I’ve been wanting to right about Anticipation for a while and having quite a bit of trouble actually doing so. The thing is, Anticipation is so much more than a talent. Chances are, if you raided in MoP, the majority of the time you were not using Anticipation you were cursing your memory. Almost every rogue PvE guide suggests you take the talent. Maybe it will mention Marked for Death, but usually as a highly situational option. Right about now you might be thinking, “Yes Hail, we already know that Anticipation has been the best talent all expansion, what’s your point?” The thing is, that’s not exactly…true. Sure nobody can deny how amazing Anticipation is, and for me personally it has consistently been my favorite talent, but, we guide writers may have been a bit dishonest. The thing is, well, check out what happens if we let ShadowCraft do the talking:
As you can see Shadowcraft puts the difference between Anticipation and Marked for Death at about 1% for Sub and Combat and 5% for Assassination. In fact, it actually says Anticipation is a dps increase for Subtlety. Of course, one of the major functions of Anticipation is to reduce human error which ShadowCraft doesn’t try to factor in, but the fact remains that with the exception of Assassination Marked for Death is actually quite competitive even on a purely single target encounter. So, why is it that everyone is so dismissive of literally every other talent in the tier, even though Marked for Death is actually a pretty cool and compelling ability?
Because Anticipation Offers Perfection, and We Are Rogues.
Think about it. Easily the most famous PvE rogue was Aldriana, a player who one day looked at the leading rogue DPS spreadsheet and says “Ya know what, I think I can do better. So I will.” And he did! He then started ShadowCraft which has been maintained by dozens of rogues over the years in an effort to better answer the simple question, “How do I play to perfection?” Our community is so focused on squeezing out every bit of DPS that the person we choose to idolize is a theorycrafter. Is this normal??? Maybe other classes do too, but I’d imagine other classes’ legends are, ya know, actual public figures like bloggers or guide writers. Eh, who knows, but I’m sure at the very least that hunters aren’t nearly so sophisticated.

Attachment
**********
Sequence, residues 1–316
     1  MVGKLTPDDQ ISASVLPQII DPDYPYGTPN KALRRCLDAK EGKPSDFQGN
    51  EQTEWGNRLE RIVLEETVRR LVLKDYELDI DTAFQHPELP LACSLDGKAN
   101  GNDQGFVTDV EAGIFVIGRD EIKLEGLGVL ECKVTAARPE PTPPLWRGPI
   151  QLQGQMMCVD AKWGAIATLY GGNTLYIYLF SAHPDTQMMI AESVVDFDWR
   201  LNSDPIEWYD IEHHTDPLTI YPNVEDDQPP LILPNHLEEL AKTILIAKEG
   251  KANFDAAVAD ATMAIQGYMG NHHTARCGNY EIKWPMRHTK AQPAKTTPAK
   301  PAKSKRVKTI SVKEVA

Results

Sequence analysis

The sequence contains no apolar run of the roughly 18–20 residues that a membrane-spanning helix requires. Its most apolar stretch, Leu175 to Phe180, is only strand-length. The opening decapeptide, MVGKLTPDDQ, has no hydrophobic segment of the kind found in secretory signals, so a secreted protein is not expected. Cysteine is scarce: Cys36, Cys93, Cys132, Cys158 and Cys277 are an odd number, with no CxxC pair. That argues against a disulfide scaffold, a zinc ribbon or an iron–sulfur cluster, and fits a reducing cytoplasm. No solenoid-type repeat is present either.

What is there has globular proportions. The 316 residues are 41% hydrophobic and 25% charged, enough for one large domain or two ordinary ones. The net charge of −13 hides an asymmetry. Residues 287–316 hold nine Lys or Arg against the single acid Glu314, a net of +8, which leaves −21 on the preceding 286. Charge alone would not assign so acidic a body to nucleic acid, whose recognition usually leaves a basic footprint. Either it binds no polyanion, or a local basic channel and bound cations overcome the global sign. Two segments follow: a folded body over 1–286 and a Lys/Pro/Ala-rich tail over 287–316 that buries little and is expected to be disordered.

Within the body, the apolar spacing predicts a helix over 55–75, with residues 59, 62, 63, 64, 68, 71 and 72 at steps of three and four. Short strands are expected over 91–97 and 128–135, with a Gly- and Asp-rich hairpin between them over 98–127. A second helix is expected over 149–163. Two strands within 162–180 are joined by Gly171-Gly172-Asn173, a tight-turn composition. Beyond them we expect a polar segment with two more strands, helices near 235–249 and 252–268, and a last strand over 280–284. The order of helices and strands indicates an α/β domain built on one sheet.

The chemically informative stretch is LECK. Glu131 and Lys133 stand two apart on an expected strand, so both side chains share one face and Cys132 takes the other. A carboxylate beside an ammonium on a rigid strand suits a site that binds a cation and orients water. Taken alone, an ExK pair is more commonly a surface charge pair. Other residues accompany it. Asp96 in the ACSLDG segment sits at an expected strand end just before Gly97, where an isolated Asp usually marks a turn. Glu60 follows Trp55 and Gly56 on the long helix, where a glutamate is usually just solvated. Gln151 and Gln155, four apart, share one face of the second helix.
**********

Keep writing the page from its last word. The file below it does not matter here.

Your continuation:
But I digress; back to Anticipation. I claim that the reason rogues like Anticipation so much as to neglect a legitimate DPS choice taps into this very nature. For years rogues have been bred to feel discomfort at the mere thought of capping energy or wasting Combo Points. With the exception of Assassination against enemies above 35% health and Subtlety during Shadow Dance the pre-MoP rogue could use every finisher at 5 Combo Points without overflowing. Then Mists came with its Shadow Blades and its Revealing Strike changes and its new fangled pandas and suddenly this expectation of almost never needing to waste Combo Points while always using finishers at 5 Combo Points went out the window – at least for a bit. Dissonance abounds, and for a moment overwhelming terror consumes all who enter a level 87-89 dungeon as they try to execute their rotations optimally without having any idea how do deal with generating an extra 1-2 Combo Points per hit. And then, they hit 90, and as they read their new talents one of them whispers, “It’s ok, I’ve got your Combo Points. I’ll keep them safe, and I’ll keep you safe. Shhh, no, its ok the other talents are worse*.”